The Fall of Large Real Estate Brokerage Houses?
The California Supreme Court ruled on November 21, 2016 that a real estate brokerage company representing both the buyer and seller in the sale of a residence owes the same fiduciary responsibilities to each party. As such, the Horiike v. Coldwell Banker ruling has the potential to alter the requirements of a real estate brokerage company’s fiduciary responsibilities when its agents are representing both sides of a transaction.
The case considered California Civil Code Section 2079, which statute spells out the responsibility each agent has to the buyer and seller in a sales transaction. The statue provides that the listing agent has a fiduciary duty of utmost care, integrity, honesty, and loyalty in dealings with only its clients, i.e. the seller; however, the listing agent has no fiduciary responsibility to the buyer and must be only “honest and fair” in its dealings with the buyer.
With respect to the buyer’s agent, the statute provides a similar fiduciary duty as it relates to their client, i.e., the buyer, but only the same “honest and fair” standard to meet in dealing with the seller. Accordingly, the listing agent has a fiduciary duty solely to his or her client, i.e., the selling party, and the buyer’s agent has a fiduciary duty solely to his or her client, i.e. the buying party.
So what has changed? This ruling will certainly change the extent of the real estate brokerage company’s fiduciary responsibility when its agents represent both sides of a sales transaction.
The California Supreme Court ruled that it is undisputed that a brokerage company representing both seller and buyer in sale of a residence owed a fiduciary duty to the buyer, including a duty to learn and disclose all information materially affecting the value or desirability of the residence, and that such duty extended to information known only to the listing agent because a broker is presumed to be aware of the facts known to its salespersons.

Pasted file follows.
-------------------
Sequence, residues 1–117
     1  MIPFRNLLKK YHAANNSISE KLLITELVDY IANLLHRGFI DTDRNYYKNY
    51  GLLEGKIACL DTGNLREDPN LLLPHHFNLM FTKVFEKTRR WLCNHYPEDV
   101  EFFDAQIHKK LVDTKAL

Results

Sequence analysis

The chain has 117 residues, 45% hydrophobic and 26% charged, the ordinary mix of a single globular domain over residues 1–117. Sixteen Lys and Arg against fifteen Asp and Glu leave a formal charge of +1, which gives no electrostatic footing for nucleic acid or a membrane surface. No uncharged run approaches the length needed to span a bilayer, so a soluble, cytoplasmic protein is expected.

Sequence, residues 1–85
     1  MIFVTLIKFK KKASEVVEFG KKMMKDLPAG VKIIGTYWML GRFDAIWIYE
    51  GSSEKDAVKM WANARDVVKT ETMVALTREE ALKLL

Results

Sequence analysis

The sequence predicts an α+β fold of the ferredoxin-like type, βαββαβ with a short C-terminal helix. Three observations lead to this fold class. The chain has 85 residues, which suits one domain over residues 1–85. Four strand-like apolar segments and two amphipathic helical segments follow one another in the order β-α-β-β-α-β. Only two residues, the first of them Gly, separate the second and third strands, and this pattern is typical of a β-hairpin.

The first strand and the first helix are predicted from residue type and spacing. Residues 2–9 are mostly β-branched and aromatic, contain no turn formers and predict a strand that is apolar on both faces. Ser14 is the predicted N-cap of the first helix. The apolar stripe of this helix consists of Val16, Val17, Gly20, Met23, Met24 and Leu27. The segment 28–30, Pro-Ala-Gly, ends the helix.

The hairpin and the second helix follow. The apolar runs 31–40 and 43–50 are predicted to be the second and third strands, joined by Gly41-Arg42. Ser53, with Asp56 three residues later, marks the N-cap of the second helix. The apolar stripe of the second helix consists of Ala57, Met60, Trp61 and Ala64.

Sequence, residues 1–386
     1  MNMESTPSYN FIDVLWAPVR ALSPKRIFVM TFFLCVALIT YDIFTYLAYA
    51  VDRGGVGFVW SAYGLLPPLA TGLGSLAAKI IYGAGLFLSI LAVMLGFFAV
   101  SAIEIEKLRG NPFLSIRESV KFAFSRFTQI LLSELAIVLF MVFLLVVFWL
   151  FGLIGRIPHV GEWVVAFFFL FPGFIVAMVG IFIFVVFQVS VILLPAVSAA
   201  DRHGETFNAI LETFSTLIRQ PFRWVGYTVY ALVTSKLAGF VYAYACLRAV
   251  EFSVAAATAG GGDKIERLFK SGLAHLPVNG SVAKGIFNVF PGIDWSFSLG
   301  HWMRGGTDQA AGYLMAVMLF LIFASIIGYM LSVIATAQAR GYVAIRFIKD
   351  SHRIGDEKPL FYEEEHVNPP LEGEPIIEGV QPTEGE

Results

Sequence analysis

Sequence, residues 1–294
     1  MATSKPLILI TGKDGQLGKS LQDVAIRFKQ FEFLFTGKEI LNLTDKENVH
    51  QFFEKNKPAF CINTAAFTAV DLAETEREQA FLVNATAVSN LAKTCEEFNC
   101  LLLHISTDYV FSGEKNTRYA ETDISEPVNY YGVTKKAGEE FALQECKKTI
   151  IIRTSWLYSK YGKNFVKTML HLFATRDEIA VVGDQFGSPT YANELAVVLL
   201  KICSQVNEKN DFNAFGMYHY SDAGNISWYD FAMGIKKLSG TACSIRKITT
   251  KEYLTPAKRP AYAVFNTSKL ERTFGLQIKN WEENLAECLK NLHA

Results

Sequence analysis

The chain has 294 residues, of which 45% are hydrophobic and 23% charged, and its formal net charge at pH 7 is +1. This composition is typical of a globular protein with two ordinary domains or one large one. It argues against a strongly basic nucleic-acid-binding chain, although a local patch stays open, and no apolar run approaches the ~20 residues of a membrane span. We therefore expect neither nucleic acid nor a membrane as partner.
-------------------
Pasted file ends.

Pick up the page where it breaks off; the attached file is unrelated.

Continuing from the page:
Prior to this ruling, a listing broker having information bearing on the actual square footage of a residence, at odds with the square footage of the residence as disclosed in the MLS and marketing materials, had no duty to reveal such conflicting information to the buyer.
The Horike ruling now means that when the same real brokerage company represents both sides in a real estate transaction, both agents owe the higher fiduciary duty of utmost care, integrity, honesty, and loyalty to both the agent’s direct client as well as to the other party in the transaction. No longer will agents be able to insulate themselves from providing the same level of care and loyalty by contending that they owe a fiduciary duty solely to their client.
Accordingly, where a listing broker has reason to believe that the square footage listed in the MLS and marketing materials may be exaggerated or overstated, this information must be provided to the buyer – even though the listing agent does not represent the buyer.
This ruling has the potential to significantly alter the manner in which large brokerage companies represent their clients when their agents handle both sides of a transaction. Large brokerage houses traditionally rely on dual agencies for a significant portion of their revenue, despite the apparent conflict of interest in such situations and the potential for abuse. As a result, listing agents will now be required to provide information to the buyer’s agent that they normally would have failed to reveal before this important decision.
For more detailed information about this decision and the impact it is likely to have on real estate sales transactions, please contact Narvid Scott. Consulting with our experienced attorneys at the outset of any real estate transaction can save significant time and legal expense by helping clients avoid the many pitfalls which unfortunately occur in our ever increasingly complex real estate world.